To say that the fight wasn’t well received by both the media and the public is an understatement.  Big things were expected from Elliott and this fight was nothing short of a disgrace.  Thompson appeared to be the main offender, landing many low blows, faking injury and eventually head-butting Elliott giving him a concussion.  Finally, sick of the punishment, the two men began to wrestle and Elliott landed his own succession of low blows, causing him to be disqualified.  The head injuries that Elliott suffered were enough to keep him bedridden for over a week.

At the same time that Elliott was boxing in Sydney, he met Helga Rolunde.  The two fell for each other and began a courtship.  Elliott, assessing himself after the beating he had received, retired from boxing at the age of 30 and took up a job with the Sydney based sports newspaper The Referee, eventually becoming the paper’s editor.  Unlike most boxers of the era, Elliott was highly intelligent, well spoken, well-read and was perfect for the job.  Rolunde landed her job with the Sun at the same time meaning that the couple were now both journalists.

The two married, but it was short lived.  Rolunde died in tragic circumstances in 1935 and Elliott went off the rails.  Wracked with grief, he hit the bottle with a fury.  He continued to write, but found himself getting into scrapes and finding himself in trouble.  Finally, having never remarried and suffering longstanding guilt over Rolunde’s death, he left for England, in 1939, joining the AIF.

In the AIF, as a war correspondent, Elliott saw action in England, going as far as Russia and reporting on the Russian-Finland war, spending the bulk of his time in Finland.  He also visited North Africa and reported the war there.  Leaving the AIF in 1941, he returned to Australia and attempted to enlist, only to find that he was now being accused of being a Nazi sympathiser.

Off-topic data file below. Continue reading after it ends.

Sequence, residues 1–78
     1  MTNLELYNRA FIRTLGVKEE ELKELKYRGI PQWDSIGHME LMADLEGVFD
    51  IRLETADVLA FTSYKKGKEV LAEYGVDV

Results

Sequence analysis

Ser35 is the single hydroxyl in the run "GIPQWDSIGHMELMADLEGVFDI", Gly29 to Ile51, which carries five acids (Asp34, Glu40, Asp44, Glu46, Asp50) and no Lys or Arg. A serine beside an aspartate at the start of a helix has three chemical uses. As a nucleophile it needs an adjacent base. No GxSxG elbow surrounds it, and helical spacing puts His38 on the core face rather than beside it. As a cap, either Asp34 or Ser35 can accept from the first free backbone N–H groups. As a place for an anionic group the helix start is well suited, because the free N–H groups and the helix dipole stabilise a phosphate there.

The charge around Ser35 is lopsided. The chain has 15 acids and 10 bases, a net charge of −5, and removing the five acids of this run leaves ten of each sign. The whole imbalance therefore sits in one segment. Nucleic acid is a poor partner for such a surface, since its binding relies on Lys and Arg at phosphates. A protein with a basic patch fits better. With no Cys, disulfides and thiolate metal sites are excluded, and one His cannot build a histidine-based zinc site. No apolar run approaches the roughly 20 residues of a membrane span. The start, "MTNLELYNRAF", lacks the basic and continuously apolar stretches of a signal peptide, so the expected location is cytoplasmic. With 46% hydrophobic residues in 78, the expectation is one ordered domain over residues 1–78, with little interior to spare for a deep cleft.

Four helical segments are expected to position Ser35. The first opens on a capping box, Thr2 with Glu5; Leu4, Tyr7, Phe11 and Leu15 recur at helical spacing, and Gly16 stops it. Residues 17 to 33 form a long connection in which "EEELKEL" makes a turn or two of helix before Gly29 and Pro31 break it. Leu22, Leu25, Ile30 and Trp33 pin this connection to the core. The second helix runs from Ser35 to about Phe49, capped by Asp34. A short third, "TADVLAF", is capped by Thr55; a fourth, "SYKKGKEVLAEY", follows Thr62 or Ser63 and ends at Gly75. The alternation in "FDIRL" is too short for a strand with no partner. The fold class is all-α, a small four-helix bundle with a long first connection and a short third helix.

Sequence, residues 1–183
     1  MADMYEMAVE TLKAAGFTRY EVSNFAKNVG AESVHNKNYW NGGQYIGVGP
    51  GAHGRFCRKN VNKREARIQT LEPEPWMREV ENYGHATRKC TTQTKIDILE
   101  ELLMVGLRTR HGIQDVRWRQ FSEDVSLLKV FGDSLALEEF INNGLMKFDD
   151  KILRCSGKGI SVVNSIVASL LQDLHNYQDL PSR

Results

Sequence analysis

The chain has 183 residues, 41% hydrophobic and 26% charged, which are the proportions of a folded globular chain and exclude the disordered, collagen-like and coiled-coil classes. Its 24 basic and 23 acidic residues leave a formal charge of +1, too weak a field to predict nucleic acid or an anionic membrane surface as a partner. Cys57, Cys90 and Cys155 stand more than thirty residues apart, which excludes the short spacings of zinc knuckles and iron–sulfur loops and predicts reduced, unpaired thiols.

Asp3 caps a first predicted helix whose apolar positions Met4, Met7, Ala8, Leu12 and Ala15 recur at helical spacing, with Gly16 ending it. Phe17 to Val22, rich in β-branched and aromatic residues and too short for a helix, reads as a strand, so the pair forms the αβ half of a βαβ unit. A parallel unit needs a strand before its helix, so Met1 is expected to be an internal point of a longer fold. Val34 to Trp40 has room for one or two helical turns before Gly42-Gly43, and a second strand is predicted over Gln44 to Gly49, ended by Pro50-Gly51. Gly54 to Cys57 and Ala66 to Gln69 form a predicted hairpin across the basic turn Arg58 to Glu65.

John Elliott's War Identification Card
NAA: B883, NX677
He enlisted on the 8th of April, 1941 and stationed himself in the Labrador Hotel in Sydney, where he took up residence and devoted himself to writing a book about his experiences in Finland.  In May, 1941, it was reported to the Armed Forces Investigations Unit that Elliott’s former mother-in-law, Helga Swinburne-Johnston, also known as Helga Rolunde and Madame Rolunde, had been talking, in general, about her views on the war in Europe.  She had also hired a Frenchman to work with her and appeared to be very sympathetic to the Nazi cause.  Her prediction was that Germany would win the war.

At the same time two young ladies reported their encounter with Elliott at the Labrador.  He had been asked what he thought of the Russian situation and replied, “Just wait until the Germans get here, you’ll be clicking your heels then.”  At which point he neatly clicked his heels together and walked off.  The two girls quickly worked out that Elliott was a Finn and a Nazi and immediately reported him.  A dossier was requested on both Swinburne-Johnston and Elliott.